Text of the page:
Monday, February 20, 2017

The wooden churches of Russia

Starting in 2002, British photographer Richard Davies made yearly trips around the Russian north to take photos of old wooden churches. He was inspired by the work of Ivan Yakovlevich Bilibin (1876 - 1942) a Russian artist, stage designer and illustrator of Russian Folk Tales who travelled to the North of Russia a century earlier.

During the summers of 1903 and 1904, the Russian Museum in St Petersburg sent Bilibin to a series of trips to the Vologda, Archangel and Olonets Provinces to collect works of folk art, which subsequently formed the basis of the museum's Ethnographic Department. Many of the photographs taken on these trips were used as illustrations in Bilibin's article of 1904 in the World of Art Magazine entitled 'Folk Art of the Russian North'. In the following years, these photographs were used to draw attention and support the restoration of those wooden churches.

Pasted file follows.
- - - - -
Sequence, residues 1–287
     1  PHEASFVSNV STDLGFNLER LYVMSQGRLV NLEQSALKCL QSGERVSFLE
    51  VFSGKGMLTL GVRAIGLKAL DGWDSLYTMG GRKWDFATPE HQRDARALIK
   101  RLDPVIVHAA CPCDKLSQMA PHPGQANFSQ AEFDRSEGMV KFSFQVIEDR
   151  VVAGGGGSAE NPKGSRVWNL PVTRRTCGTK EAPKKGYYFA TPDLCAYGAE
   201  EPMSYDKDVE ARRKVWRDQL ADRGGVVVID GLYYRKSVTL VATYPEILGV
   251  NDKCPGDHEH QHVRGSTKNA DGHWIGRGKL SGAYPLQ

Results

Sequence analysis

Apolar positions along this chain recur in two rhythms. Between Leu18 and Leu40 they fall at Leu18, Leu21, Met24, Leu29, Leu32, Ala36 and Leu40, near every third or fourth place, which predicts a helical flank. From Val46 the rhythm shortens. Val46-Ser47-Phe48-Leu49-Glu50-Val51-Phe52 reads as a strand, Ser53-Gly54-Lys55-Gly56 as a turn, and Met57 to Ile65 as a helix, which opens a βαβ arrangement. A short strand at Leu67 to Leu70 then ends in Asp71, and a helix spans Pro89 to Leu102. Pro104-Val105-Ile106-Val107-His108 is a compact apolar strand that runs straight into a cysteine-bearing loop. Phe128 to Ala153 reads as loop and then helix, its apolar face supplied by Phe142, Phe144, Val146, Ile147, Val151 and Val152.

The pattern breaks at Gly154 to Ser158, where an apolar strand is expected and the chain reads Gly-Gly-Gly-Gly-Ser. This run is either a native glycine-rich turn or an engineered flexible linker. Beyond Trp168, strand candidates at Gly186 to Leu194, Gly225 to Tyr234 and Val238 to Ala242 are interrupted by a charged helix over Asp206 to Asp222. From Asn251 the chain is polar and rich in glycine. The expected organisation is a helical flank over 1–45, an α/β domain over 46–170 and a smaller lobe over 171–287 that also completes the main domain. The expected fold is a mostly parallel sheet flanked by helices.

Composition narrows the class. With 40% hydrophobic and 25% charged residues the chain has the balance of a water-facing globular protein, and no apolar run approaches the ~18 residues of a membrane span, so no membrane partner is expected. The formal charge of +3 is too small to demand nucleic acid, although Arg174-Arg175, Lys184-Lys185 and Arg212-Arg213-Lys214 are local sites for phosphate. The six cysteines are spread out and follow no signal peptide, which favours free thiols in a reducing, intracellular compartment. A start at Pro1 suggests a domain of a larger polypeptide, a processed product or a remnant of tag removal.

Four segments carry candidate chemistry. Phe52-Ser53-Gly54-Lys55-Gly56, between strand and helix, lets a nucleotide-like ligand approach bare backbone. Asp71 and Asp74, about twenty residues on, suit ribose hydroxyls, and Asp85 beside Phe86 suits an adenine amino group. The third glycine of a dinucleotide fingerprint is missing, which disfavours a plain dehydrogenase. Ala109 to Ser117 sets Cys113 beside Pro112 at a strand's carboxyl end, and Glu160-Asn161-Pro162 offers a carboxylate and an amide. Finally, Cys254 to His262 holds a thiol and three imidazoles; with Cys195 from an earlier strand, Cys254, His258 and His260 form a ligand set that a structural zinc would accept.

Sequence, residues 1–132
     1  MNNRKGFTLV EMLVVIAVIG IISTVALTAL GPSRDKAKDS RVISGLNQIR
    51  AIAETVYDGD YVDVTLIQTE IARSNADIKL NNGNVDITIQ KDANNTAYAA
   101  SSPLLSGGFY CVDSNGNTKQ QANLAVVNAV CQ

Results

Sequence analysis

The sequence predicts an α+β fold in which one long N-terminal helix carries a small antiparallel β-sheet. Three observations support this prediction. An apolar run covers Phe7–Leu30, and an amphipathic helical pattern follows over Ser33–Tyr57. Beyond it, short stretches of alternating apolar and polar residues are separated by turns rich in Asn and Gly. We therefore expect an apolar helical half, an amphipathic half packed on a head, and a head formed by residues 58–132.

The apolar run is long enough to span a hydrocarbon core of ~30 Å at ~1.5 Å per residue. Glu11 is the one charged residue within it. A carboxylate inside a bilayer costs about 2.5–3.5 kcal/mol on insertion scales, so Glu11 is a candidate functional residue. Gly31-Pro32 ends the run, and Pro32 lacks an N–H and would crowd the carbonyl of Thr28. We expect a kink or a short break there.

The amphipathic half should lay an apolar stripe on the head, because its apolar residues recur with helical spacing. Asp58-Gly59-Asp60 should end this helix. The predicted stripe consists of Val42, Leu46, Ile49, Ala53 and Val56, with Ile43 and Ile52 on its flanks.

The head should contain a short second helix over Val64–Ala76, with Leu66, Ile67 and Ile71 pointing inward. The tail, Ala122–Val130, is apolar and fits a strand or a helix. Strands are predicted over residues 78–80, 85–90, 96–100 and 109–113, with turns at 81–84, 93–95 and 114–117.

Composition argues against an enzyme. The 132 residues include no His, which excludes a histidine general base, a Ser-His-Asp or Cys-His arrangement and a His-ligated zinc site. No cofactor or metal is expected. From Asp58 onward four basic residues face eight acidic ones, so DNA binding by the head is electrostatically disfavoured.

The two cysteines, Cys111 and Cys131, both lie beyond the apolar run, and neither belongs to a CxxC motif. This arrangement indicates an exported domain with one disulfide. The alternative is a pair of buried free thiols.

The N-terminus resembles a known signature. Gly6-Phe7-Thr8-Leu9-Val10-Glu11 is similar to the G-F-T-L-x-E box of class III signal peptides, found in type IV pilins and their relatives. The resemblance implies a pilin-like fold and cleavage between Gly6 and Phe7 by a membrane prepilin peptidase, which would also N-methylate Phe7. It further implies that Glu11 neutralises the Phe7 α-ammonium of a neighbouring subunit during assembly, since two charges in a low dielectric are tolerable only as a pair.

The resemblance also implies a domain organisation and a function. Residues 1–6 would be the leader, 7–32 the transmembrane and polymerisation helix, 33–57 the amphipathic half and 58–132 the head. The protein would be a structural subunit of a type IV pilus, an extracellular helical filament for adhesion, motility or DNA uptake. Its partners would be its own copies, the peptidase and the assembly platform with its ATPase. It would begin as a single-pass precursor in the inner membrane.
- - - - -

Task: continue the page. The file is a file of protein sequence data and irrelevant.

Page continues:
Recreating those trips, Davies found out that some of those churches have been lost. Some have been left to rot, some have been destroyed by lightning, countless others by ignorance, spite and neglect. Most of the churches remaining are in various states of decay. However, many churches have been saved by dedicated specialists and enthusiasts.

Davies hopes that his photographs, which have been exhibited around Europe and released in a book will raise awareness and inspire a restoration effort, similarly to Bilibin's photographs a century earlier.


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